Jacqui: What’s kept you motivated to keep going with your business?
Madeline: I love this question! I have questioned myself more during this journey than I ever have before. I have asked myself, “Why are you doing this? Can you do this? Should I continue? Or should I quit now?” It has been difficult. I made money the first year I opened and I lost all of that money in the second year Maye & Company has been opened.
I question things I want in life. Right now, I live with my dad rent free. This has helped tremendously while I work on my business. I have been able to buy my inventory with the money I save on rent. But now? I want my own place and that has left me with the question, “Can you have your own place and keep your business open?” This has motivated me to be more diligent with saving money and practicing money management. I now think to myself that I can and will make this work.
Jacqui: Where can people find your store?
Madeline: I have a booth at a business marketplace called the Ole Stables Marketplace. It’s located at: 1301 24th Ave SW, Norman, OK. I also post my items on my business page Maye and Company or on Instagram under @mayeandcompany.
Jacqui: Do you ship your products for out of town customers?
Madeline: I do ship anywhere within the US with a small shipping fee.
Jacqui: What charity do you participate with?
Madeline: I participate with multiple charities in Oklahoma. I am a longtime member and volunteer for Autism Oklahoma and the Autism Piece Walk and 5k. I’ve been an avid advocate for Autism Insurance Reform, not only for Oklahoma, but for every state.
I also volunteer and am a member of the Miss Amazing Pageant Organization. This pageant provides opportunities for girls and young women with disabilities to build confidence and self-esteem while participating in a pageant and supportive environment.
I am also a social media advocate for The Curbside Chronicle, which is a non-profit in Oklahoma city that aims to provide resources, employ, and empower our city’s homeless. Those who come to The Curbside Chronicle are homeless individuals who end up becoming their own small business owners, called vendors. The Curbside Chronicle produces a magazine every month. The vendors then sell these magazines for $2 on the streets of Oklahoma City.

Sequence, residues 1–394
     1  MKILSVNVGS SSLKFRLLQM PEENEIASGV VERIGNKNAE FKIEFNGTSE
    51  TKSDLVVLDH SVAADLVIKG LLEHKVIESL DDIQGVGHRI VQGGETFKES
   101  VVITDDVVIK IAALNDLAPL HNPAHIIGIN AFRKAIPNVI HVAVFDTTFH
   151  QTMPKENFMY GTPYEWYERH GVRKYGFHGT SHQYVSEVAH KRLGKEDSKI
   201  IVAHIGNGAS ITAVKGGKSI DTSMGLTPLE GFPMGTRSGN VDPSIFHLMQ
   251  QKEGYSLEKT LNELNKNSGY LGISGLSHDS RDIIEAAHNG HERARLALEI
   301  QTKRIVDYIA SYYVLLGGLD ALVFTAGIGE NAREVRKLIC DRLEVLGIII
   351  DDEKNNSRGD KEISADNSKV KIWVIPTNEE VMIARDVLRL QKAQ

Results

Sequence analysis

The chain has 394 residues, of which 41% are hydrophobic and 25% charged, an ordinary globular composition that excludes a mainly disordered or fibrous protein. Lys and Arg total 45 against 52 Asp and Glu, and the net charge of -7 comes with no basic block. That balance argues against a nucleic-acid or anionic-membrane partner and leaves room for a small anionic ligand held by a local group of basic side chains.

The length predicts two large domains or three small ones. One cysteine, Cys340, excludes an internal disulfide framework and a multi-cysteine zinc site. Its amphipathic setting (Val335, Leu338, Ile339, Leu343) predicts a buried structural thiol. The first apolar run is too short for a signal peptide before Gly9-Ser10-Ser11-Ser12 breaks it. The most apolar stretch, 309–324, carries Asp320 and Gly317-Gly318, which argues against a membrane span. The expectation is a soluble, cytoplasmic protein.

Once they sell their inventory of magazines, they can purchase more to make additional money, for $.75 each. The vendors get to keep 100% of the profits outright for themselves. But they also learn valuable skills, such as how to be a small business owner by buying more inventory to continue making money. The Curbside Chronicle has counselors that advise them on money management skills. Once they have enough saved up, The Curbside Chronicle will help the vendors to find homes, jobs and transportation for their new jobs.
Jacqui: What words of encouragement would you give to other women who are on the fence about starting their own business?
Madeline: I would say GO FOR IT. You never know what you can accomplish until you try. I was scared to start my own business. I was afraid of failure. Afraid that I was spending too much of my hard earned money on something that I wasn’t even sure would work. But I continuously told myself (and still do!) that you cannot be afraid of the “what ifs” What if I fail? What if no one likes my products? Will people take me seriously? What if I have to close in a year?
We cannot live our lives thinking of the “what ifs”. Sometimes we have to be reckless and we have to jump into something without seeing where we might land. Even if I decide that it is time to let my business go, I can say that I tried. Not many people can say that. The most brilliant businessmen and women in this world today got where they are now because they believed in themselves enough to try something. So the next time you have a crazy thought, an invention, or a business design, GO FOR IT. Because you can always pride yourself in knowing that you believed in yourself, your dreams, and your aspirations enough to take that leap of faith.
Madeline, thank you so much for sharing your inspiring story with us! I’m sure I speak for everyone when I say you have a lot going on between your work, your business and the many charities that you volunteer for. And being so young, you have many things to be proud of! Congratulations in taking that step into entrepreneurship!